Break over and back to work - I am catching up on some paperwork, and doing a bit of decluttering as I go along. But then - a visitor! A newly retired friend from the next village calls in to have a look at the polytunnel. Kettle goes back on, and a pot of tea for three is soon ready. Oh yes, we break out the shortbread too! Nice chat, and then we have a good wander round the plot, discussing growing and gardening plans - perfect diversion.


After lunch, I take my tea out into the poly tunnel to sort out some seeds I want to sow before Winter. I somehow manage to get some compost in the cup, so it kind of loses its appeal. I cant spend too much time in here, though, because I need to help John with the sheep.


We have two sheep that still need to be sheared, and lambs to be marked and tagged. Also, John noticed earlier that one of the ewes was limping a bit, so they can all have their feet checked. A fair bit of work ahead...


Phew! Job done, and I collapse on the couch with a reviving mug of tea in my purple stained hands.There wasn't anything obvious with the limping ewe - I trimmed and cleaned her foot and we'll keep an eye on her for a day or two.
 It is four o'clock already - James is home, so I enjoy catching up on his day and overseeing the homework before beginning preparations for dinner.  This will likely be my last tea of the day. I find that if I drink it in the evening, I take a long time to get to sleep at night. It is water from now until bedtime.


The end of the day - dinner over, dishes washed, story told, James asleep -  and time for me to settle down with a nightcap. A cup of No-caf, preferably made by my husband, and some gentle reading before bed calls.

The Simple Things is a lovely magazine, and they do a feature where they interview a person about their day in cups of tea. I liked this idea and thought I would shamelessly apply it to myself. I hope you enjoyed it. Pop round for a cuppa anytime xx

Sunday, August 18, 2013

Seven Days



















Seven things I have loved this last seven days.

<>Throwing ourselves down the sand dunes on a last Summer holiday beach trip.
<>Flowers from the garden.
<>This perfect face
<>Secret hiding places
<>Breakfast
<>The view from my chair in the poly-tunnel
<>A refilled glass after dinner.

Slowly easing ourselves back into old, familiar routines after our wonderful Summer. Lots more sun still to come though. Have a good week xxx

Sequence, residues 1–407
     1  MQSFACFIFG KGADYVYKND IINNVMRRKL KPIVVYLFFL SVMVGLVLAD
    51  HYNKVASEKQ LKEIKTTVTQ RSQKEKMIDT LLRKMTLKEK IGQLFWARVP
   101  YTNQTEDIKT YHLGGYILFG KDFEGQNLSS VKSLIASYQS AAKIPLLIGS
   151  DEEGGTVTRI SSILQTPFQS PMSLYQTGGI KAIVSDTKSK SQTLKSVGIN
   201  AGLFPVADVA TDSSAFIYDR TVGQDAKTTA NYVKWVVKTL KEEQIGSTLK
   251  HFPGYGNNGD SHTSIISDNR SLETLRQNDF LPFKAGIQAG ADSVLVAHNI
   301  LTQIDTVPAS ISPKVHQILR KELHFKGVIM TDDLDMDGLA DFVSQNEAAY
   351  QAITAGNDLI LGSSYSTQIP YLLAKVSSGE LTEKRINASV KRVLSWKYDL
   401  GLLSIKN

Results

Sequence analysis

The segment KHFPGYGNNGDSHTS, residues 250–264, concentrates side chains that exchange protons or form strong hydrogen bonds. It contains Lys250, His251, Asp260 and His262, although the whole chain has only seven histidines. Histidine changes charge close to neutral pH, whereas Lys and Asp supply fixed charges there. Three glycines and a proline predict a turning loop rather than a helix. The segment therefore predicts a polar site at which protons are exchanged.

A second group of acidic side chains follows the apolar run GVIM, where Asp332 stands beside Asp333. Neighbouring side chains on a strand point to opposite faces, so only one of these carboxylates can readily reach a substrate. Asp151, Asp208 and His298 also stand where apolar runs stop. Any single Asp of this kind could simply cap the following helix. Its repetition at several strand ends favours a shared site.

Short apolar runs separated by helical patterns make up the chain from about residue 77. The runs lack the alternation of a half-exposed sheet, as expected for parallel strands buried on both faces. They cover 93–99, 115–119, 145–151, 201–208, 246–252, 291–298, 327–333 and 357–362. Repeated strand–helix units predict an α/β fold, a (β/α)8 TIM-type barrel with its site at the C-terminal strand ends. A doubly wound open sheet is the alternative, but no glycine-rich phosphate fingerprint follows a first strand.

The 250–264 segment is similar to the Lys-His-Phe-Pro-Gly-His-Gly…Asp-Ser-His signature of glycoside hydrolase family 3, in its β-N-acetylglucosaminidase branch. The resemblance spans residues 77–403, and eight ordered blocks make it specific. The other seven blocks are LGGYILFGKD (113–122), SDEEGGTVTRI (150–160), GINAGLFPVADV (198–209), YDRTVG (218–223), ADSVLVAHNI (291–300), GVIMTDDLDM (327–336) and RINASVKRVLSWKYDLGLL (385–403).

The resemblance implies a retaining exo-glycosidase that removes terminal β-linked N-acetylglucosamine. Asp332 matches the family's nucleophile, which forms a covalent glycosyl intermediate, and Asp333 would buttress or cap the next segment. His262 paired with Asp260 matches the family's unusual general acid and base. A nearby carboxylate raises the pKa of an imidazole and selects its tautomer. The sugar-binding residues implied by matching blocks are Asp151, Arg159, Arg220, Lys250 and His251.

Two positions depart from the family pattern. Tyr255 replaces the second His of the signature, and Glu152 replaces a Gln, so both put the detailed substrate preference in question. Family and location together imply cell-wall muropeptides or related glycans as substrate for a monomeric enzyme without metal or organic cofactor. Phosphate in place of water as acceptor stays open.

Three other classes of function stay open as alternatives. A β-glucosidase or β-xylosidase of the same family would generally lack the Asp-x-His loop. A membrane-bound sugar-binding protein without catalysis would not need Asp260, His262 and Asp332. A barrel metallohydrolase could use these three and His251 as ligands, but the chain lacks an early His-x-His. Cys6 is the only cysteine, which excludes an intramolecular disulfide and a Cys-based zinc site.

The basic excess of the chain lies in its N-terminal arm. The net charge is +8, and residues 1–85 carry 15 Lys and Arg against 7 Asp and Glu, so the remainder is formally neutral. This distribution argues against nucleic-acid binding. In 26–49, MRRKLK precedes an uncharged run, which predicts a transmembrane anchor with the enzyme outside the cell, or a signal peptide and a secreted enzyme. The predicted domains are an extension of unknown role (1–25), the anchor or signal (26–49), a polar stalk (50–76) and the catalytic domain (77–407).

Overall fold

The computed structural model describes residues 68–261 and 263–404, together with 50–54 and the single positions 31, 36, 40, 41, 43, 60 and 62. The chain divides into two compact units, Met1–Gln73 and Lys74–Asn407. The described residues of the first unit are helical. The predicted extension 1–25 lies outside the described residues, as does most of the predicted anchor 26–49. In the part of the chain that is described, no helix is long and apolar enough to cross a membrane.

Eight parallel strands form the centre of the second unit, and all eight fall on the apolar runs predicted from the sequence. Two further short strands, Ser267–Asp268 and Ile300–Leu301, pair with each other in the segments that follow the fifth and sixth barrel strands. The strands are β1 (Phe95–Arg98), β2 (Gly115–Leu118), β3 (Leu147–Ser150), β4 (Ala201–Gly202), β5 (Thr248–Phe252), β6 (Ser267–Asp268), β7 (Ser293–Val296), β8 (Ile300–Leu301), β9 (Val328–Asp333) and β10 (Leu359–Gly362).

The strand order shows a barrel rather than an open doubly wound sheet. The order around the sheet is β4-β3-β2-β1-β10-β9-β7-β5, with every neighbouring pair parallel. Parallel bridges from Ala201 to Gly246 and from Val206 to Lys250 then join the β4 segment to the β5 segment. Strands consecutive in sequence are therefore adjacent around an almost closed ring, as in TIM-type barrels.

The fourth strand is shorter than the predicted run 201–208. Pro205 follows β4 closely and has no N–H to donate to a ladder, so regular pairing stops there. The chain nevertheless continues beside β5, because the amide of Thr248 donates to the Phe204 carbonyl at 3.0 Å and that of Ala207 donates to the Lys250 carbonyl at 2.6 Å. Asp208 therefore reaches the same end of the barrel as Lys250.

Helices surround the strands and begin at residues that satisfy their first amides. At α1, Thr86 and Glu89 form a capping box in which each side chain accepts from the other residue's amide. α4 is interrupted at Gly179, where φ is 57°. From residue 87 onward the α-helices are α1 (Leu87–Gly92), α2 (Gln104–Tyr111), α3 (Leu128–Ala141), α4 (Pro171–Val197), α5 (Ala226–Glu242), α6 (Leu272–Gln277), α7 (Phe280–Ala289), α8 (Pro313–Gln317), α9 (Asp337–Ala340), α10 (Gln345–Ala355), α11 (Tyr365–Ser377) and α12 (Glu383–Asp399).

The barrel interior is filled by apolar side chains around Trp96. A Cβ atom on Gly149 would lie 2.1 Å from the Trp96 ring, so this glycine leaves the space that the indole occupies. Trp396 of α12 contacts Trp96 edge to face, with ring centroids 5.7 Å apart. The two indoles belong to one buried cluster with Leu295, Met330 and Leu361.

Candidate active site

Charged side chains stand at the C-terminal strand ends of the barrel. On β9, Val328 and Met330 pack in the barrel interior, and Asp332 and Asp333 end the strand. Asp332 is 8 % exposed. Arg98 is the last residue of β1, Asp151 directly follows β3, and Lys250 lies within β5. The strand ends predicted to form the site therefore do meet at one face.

Friday, August 16, 2013

This Moment


Joining in again with Soulemama - capturing a moment that I want to remember and share.  Wishing everyone a fun weekend xx

Sunday, August 11, 2013

Summer Postcards










Another great week, spending time with dear friends. Visiting all our favourite, most special places, enjoying food, fresh from the garden, and beach picnics. Taking in the local village show, crafting and chatting into the evenings. So sad to see the ferry take the last of our Summer visitors away. I am not quite ready to let go of the season yet, even though school begins again on Thursday.
Wishing you a week of sunshine and happy days. xx

Thursday, August 8, 2013

This moment


Joining in again with Soulemama - capturing a moment that I want to remember and share.  Wishing everyone a loving weekend xx

Wednesday, August 7, 2013

Yarn Along - Summer 2013


Joining in with Ginny for Yarn Along today, knitting in beautiful places, with a beautiful friend. I have cast on this sweater for James, using the Sublime organic merino from my stash. 


I have finished the Flowers in the Snow blanket for Breagha, and added a pink border to    finish it off. I am really pleased with this - I love the effect of the bright splashes of colour against the white. Definitely one to do again.


Not much reading going on here, in these busy days. I have a few books waiting in the wings for cooler days and darker evenings, but I was thrilled to come across this fantastic pile of vintage Ladybird books in the charity shop for 10p each. James and I have started working through the pile, beginning last night with Cleopatra and Ancient Egypt.


Couldn't resist another shot of Breagha snuggled up in her Grandma made blanket.  xxx

Monday, August 5, 2013

Summer postcards










Summer moves on and the dahlias are in bloom. We have been enjoying the garden, the carnival and the beach. Spending another blessed week with friends, as the season begins to slowly wind down. Holding on to these special days.
xxx

Friday, August 2, 2013

This moment




Joining in with Soulemama again, capturing a moment that I want to remember and share. Wishing you a happy weekend. x